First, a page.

This is an interesting one for me. My last two long-term jobs both had diversity and inclusion schemes running, so I would say my identity (race & gender) definitely assisted me in getting those roles.

But while this means it maybe has helped me to get paid, I can’t say this has been positive for my confidence. The feeling of knowing you’re somewhere because you tick boxes rather than for your skillset alone isn’t necessarily encouraging, whether this is true or not.

Do you feel there is transparency around pay in your field? Are you aware of what your peers make or what the standard is? Or do you feel it’s pretty obscure?

In the past I know male colleagues of mine were quicker to receive promotions and pay rises, but I would always put that down to a) them being ballsy enough to ask or b) being more experienced. 

I’ve only ever asked for a promotion once, which was after three years at Topshop, but I didn’t get it so I left for a higher paid job. When I was at Wunderman Thompson for two years, which at the time was a very male dominated agency, I felt out of my depth and didn’t think I qualified for a pay rise or promotion, so I just never asked. In hindsight I totally think I could have.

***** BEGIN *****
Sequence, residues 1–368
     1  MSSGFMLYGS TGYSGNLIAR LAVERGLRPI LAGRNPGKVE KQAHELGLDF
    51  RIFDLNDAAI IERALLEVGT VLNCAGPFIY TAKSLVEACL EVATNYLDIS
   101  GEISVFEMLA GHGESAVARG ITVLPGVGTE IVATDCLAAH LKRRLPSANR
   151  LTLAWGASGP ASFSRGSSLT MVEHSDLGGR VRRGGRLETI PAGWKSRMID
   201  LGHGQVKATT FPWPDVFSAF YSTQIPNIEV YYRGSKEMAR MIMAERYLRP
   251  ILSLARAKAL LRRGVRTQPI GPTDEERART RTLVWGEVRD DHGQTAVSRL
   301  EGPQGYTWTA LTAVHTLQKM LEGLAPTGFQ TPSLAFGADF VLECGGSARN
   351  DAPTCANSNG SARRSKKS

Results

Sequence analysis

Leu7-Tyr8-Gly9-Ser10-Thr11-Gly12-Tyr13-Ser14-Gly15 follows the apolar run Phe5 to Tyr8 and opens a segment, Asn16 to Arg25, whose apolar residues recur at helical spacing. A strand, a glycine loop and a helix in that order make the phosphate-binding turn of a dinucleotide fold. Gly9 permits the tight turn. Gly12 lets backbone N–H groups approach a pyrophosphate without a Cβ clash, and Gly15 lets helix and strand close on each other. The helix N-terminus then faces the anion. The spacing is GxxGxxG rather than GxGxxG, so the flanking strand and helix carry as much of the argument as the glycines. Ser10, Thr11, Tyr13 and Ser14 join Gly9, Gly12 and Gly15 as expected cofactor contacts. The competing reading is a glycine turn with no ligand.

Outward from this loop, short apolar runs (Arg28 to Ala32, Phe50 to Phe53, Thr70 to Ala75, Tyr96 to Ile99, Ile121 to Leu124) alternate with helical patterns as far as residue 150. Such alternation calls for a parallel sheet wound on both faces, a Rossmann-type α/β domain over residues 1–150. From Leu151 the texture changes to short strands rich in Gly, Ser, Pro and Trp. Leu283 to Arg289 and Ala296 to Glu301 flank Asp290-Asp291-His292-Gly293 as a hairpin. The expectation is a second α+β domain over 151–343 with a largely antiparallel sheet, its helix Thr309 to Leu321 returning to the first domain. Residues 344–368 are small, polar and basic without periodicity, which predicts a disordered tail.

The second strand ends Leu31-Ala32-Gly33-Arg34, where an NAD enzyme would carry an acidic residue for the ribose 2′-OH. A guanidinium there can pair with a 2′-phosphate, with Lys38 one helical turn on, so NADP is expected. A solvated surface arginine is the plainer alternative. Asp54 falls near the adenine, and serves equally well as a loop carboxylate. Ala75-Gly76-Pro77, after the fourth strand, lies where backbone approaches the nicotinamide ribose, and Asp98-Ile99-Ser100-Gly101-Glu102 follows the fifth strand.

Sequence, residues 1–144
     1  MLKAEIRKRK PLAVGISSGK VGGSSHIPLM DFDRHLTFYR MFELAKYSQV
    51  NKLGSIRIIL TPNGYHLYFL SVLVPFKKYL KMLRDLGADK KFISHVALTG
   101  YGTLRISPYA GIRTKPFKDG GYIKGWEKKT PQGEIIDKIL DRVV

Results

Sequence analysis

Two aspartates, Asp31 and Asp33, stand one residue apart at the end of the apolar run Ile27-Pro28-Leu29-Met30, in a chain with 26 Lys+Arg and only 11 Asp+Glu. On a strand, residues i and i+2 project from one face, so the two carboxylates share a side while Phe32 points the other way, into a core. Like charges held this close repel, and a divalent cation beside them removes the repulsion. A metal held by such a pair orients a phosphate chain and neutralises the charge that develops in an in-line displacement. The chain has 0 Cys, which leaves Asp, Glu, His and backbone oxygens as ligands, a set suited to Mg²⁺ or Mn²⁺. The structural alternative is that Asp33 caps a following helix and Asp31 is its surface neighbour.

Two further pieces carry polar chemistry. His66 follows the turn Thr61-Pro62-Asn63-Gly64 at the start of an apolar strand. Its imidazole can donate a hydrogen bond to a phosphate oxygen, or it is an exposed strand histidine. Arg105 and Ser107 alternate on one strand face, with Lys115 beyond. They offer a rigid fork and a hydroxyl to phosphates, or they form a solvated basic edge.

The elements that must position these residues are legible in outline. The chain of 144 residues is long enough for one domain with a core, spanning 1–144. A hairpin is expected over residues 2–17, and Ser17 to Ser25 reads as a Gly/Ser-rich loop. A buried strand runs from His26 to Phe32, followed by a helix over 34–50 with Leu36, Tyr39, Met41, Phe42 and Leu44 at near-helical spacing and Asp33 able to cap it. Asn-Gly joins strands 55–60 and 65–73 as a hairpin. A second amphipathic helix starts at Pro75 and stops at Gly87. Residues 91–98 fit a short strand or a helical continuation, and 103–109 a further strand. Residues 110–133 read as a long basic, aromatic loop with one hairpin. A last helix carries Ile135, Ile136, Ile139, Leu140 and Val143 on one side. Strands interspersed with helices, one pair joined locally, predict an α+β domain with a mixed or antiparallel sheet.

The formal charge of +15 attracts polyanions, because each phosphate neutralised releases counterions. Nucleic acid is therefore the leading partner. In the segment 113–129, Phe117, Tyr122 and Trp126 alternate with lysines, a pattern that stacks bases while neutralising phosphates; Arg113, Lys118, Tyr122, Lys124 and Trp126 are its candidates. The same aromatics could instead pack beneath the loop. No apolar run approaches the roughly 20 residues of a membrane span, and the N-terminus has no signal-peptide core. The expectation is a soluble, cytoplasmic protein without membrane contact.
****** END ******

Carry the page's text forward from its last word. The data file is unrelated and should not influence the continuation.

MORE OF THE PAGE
What is the one piece of advice you’d give when it comes to getting paid?

Have the confidence. Know your worth. And know your rights!

Know your worth. And know your rights!

The Copywriter

A 27 year old female London-based copywriter and writer, who has worked full-time as an editorial and social assistant, and freelance as a journalist and writer for the past three years.

How do you set your day rate?

Always propose the top range for big brands, or clients in industries like tech. Don’t undervalue yourself and don’t barter when setting an initial rate. Also, it is ok to renegotiate rates with clients you’ve worked with before, if the brief changes or if the expertise you bring to the table has levelled up significantly. 

What’s the most you’ve been paid for a job, and the least?

The most I’ve been paid for a job has been a £300 day rate. This was for a Google project through an advertising agency. The least I’ve been paid in my current field was a £120 day rate. As a freelance journalist/writer the lowest I got paid for a piece was £80 (not counting pieces I’ve written for free). 

Don’t barter when setting an initial rate

How do you find the balance between money jobs and editorial work? Do you feel there is a clear difference?